Marcel Duchamp remains arguably the most important voice in visual art of the last century. His ideas about what art can be and how art can function in the world continue to revolutionize contemporary art, and his influence has reached artists in a variety of disciplines, including makers and thinkers alike. Among his many radical positions, Duchamp was the first to take an object from its everyday use and transform it into an artwork solely by changing its context. Known as “readymades,” these works located the artistic act in the moment of engagement, not in the act of making, and redefined the nominative power of the artist. Over one hundred artworks by more than fifty artists inspired or influenced by Duchamp were brought together in an imaginative installation whose design took its cues from the trickster mentality of the artist’s own curatorial practice. Several of the artists included turned the notion of the readymade inside-out, handcrafting objects that are usually mass-produced. Others expounded on Duchamp’s play with sexuality and gender, while still more produced exact copies of his works in a full embrace of his concept of appropriation, a mimicry that the artist himself considered complimentary.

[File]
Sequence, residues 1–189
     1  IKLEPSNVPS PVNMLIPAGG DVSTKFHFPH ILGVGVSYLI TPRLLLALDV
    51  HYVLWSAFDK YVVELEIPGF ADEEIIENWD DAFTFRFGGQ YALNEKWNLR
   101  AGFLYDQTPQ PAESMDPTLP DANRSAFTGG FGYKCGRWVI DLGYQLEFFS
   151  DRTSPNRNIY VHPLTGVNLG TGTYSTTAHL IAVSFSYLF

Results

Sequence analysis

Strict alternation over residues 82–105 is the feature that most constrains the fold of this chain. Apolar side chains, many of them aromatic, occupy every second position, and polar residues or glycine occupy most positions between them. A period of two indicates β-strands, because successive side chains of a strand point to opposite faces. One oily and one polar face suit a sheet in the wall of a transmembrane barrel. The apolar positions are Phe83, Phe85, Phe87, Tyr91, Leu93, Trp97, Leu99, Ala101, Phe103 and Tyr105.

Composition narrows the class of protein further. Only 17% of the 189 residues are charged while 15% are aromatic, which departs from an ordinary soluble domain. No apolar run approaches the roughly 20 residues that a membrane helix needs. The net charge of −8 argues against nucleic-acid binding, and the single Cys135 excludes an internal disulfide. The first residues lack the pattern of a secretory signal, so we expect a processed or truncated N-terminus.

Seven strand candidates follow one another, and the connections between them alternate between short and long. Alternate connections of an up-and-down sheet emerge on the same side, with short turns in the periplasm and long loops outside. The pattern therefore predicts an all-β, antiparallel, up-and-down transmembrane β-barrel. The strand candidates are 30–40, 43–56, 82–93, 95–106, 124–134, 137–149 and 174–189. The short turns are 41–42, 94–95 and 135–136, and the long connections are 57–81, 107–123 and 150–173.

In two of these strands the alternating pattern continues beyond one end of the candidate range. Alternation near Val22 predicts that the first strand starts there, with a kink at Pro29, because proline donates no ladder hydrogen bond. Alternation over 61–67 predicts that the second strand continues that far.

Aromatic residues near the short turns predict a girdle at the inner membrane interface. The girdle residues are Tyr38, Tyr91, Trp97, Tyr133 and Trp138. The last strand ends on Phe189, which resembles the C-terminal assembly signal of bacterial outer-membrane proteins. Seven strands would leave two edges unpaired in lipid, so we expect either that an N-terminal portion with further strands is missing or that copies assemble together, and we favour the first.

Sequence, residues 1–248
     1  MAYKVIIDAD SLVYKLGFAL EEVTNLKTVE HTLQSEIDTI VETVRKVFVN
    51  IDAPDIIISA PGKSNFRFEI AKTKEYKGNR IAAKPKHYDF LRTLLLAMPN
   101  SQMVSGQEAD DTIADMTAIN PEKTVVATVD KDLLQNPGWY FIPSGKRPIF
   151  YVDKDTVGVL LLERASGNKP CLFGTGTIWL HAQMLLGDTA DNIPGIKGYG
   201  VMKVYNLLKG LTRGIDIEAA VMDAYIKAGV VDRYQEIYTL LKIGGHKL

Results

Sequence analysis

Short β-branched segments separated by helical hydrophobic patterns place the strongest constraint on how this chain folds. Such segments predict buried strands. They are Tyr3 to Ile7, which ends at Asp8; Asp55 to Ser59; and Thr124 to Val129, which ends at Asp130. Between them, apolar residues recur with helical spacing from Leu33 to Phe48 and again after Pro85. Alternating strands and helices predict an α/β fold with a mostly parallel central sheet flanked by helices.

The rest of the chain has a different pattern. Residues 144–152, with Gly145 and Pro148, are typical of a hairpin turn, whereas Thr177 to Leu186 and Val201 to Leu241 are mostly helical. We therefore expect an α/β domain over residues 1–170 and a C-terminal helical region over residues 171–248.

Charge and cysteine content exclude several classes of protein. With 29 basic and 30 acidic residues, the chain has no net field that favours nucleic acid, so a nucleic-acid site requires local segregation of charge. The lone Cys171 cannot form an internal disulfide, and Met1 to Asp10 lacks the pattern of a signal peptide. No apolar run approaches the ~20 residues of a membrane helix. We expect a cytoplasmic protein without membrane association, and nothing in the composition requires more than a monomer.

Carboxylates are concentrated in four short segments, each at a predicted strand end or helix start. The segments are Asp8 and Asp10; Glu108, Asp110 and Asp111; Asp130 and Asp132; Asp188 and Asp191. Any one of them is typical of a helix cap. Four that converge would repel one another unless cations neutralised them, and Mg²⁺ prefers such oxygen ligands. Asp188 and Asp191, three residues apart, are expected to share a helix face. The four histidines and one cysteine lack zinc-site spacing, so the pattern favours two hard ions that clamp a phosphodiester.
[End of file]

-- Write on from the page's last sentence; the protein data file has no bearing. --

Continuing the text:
Artists in this exhibition included Matthew Antezzo, Robert Arneson, Conrad Bakker, Alan Belcher, Ray Beldner, Nayland Blake, Kevin Carter, Stephen Dean, Marcel Duchamp, Hans Peter Feldmann, Dan Fischer, Fischli & Weiss, Jan Galligan, Sam Gordon, Kathy Grove, Hans Haacke, Ann Hamilton, Ray Johnson, Jeff Koons, Joseph Kosuth, Barbara Kruger, Gabriel Kuri, Louise Lawler, Marko Lehanka, Sherrie Levine, Allan McCollum, Josiah McElheny, Man Ray, Christian Marclay, Sophie Matisse, Ulrich Meister, Jonathan Monk, Bruce Nauman, Greg O’Halloran, Michael Oatman, Richard Pettibone, Gert Rappenecker, David Robbins, Andrei Roiter, Jonathan Santlofer, Naomi Savage, Jonathan Seliger, Nancy Shaver, Judith Shea, Andrew Stafford, Haim Steinbach, Jana Sterbak, George Stoll, Sturtevant, Paul Thek, Rosemarie Trockel, Keith Tyson, Meyer Vaisman, Douglas Vogel, William Wegman, Steve Wolfe, and Kevin Wolff.